Just the other day, I read an article on my phone about how researchers at Stanford and UCSF are one step closer to finding a cure for the common cold. They found that one protein is responsible for half of the common cold and other diseases. With this protein absent, researchers found that mice that were injected with a virus would be the ones who survived in comparison to the mice that did not have the formation of this protein blocked. These mice with the absent protein were unaffected by the virus. This certaintly gives us hope and is an important step in ultimately finding a cure for the common cold. The next step would be to develop a drug that would actually stop the synthesis of this specific protein.
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I arrive on campus every Wednesday at around 9:10 am for my 9:25am physics lecture. During this class period, my table group and I work on word problems similar to the ones that will be on exams for practice. When this class ends at 10:40, my next class isn't until 12:20, so I have time in between to work om some homework. I usually stop working at around 11:30 to go to Blue Wall to grab lunch with a friend. After eating my rice bowl with chicken, I head over to the Morrill Science I where I have a genetics class. This lecture requires more note taking than the physics lecture. Class ends at 1:10 and I immediately walk to the ISB for my biology lab class that begins at 1:25. The work done in this lab varies on what the protocol calls for. For example, last week during lab, I dissected zebrafish brain and treated zebrafish with different drugs to continue the overall experiement for the semester. At 5:25, when lab is over, I walk to Blue Wall to eat dinner before heading back to my apartment to finally get a chance to relax.
I have a set routine on campus that I follow every Wednesday of the week. At around 9 am, I arrive at the ILC for my 9:25am Physics class. The class runs until 10:40, and during most of the time in class, my group and I work on in-class word problems like the ones that would be on exams. When that class is over, my next class isn't until an hour and 40 minutes later. During this time, I sit in the ILC on my laptop to do my homework or just to pass time if I don't have any work to do. At around 11:30am, I meet up with my friend at Blue Wall to eat lunch. When I am done, I leave to go to my Genetics class at 12:20 which is located in Morrill I. I have a friend in this class that I sit next to. During this class, the profressor lectures and I take notes on what she is saying. Class ends at 1:10pm and I make my way to the ISB for my lab class that begins at 1:25pm. Before lab started, we had a short quiz on what we were working on for the day. During this lab period, we practiced with dissecting zebrafish brain and treated zebrafish with different drugs to study them. Lab ends at 5:25 so I can catch the 5:30 bus back to my apartment. Overall, these are the activites I usually perform on campus on a Wednesday.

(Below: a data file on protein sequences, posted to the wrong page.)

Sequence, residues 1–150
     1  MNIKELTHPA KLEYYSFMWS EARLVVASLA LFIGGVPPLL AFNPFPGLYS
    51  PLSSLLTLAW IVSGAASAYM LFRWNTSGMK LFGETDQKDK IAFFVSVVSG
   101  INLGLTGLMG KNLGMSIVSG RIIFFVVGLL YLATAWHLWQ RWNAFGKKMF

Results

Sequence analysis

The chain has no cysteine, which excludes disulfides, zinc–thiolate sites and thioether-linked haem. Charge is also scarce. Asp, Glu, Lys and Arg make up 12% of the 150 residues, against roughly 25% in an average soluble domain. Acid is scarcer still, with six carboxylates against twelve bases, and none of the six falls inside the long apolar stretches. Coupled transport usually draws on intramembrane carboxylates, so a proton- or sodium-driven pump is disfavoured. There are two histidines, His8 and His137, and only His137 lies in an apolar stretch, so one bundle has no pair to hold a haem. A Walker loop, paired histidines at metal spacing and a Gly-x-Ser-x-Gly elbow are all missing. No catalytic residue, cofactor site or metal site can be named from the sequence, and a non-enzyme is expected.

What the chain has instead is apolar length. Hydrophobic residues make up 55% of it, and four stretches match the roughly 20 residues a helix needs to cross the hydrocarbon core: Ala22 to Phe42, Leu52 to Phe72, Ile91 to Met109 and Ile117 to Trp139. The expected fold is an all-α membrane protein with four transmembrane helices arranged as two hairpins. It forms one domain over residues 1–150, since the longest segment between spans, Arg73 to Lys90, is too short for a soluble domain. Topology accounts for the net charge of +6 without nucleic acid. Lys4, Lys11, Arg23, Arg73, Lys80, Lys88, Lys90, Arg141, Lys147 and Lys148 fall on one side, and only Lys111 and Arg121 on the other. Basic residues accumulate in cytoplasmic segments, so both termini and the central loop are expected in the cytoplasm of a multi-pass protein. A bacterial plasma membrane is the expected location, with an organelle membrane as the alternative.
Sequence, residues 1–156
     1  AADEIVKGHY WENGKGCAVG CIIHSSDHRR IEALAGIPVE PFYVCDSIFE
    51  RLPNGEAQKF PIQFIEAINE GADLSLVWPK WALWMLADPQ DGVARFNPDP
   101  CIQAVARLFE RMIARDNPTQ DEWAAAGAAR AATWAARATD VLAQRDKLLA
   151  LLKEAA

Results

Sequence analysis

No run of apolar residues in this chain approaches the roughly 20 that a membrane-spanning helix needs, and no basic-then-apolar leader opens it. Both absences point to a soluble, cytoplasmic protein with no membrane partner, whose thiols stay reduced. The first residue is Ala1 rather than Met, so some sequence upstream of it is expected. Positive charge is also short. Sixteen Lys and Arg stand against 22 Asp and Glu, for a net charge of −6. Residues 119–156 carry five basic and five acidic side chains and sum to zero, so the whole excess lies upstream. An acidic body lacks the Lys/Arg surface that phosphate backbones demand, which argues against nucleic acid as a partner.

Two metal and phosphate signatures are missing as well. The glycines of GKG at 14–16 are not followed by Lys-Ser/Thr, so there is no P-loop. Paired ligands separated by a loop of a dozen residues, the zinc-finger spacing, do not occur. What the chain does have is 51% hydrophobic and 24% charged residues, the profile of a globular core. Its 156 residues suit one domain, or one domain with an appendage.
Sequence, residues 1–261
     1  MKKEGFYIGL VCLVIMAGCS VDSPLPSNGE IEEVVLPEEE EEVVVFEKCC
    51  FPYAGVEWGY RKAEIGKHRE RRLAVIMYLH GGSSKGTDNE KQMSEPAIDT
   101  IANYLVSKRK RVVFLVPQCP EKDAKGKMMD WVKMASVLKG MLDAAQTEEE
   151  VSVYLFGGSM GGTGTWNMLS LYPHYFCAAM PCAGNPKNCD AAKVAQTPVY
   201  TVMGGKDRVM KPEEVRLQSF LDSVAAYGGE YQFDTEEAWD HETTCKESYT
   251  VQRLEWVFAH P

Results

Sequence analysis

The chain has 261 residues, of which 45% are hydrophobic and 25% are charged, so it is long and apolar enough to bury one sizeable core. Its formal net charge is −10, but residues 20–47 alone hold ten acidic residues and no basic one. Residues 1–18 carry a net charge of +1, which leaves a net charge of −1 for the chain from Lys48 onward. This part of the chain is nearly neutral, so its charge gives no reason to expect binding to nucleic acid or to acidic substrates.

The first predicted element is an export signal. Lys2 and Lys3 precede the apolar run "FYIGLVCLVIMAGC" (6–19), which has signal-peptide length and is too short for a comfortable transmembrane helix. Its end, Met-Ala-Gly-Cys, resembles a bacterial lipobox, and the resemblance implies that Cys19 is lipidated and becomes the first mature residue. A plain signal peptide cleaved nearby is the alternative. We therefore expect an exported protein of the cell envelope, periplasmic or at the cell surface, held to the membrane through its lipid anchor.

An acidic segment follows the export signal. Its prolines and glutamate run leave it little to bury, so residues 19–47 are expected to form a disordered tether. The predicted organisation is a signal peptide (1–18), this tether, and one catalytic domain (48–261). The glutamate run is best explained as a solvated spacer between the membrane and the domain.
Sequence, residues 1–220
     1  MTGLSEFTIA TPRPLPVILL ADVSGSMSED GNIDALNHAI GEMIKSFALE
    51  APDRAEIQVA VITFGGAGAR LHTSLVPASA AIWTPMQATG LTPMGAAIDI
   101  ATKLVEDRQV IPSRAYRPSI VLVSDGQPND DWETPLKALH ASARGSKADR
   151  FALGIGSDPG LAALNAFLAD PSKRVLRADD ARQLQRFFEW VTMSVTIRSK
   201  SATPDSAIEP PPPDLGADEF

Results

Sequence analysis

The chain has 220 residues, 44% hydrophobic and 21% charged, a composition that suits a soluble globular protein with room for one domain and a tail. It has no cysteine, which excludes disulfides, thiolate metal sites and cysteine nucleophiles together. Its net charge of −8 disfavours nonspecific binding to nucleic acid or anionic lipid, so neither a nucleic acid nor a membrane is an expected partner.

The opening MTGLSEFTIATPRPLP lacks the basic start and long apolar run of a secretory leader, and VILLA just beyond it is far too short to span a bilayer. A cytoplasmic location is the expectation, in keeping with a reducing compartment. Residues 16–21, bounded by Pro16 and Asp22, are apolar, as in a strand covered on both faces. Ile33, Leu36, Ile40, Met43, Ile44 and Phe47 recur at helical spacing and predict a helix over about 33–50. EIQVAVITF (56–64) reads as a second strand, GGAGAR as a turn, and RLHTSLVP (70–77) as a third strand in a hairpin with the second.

I woke up.
I got dressed
I made two waffles and a banana for breakfast.
I brushed my teeth and put on deodorant.
I left my apartment to catch the bus.
I got on the bus.
I arrived on campus for my Physics class.
I worked on in-class problems the whole time.
Class ended so I went to sit in the ILC to do work until 11:15.
At 11:15, I went to Blue Wall to eat.
I left Blue Wall to go to class.
I arrived to my 12:20 pm class at noon.
I sat with my friend.
I took notes.
I left class when it was over to go to my lab class.
In lab, I dissected zebrafish brain.
I ate dinner after lab was over.
I went back to my apartment and did homework.
I watched TV.
I left for tryouts.
I evaluated players trying out.
I went back to my apartment.
I did more work and watched more TV.
I brushed my teeth.
I went to bed.
Category 1: Activities done at my apartment ~ 5 hours
Category 2: Activities done on campus ~ 12 hours
With this assignment in the back of my mind, I am constantly looking for more and more plants on campus that provide evidence of phytophagy. As I was walking to the gym earlier today, I noticed another tree with many leaves that had holes in them and brown discoloring. It seems like every leaf on that tree had been chewed on by insects and had a brown discoloring around the entire leaf. The more I look and stare at a plant, it seems like almost every plant I see shows some evidence of phytophagy on this campus. This specific leaf that I took a picture of was near the bottom of the tree where leaves began to grow. The tree itself was located to the right of the main entrance of Boyden Gym near the first row of parking in the lot. The holes on the leaf werent perfectly round so that shows that something was eating it and in this case it was definitely insects.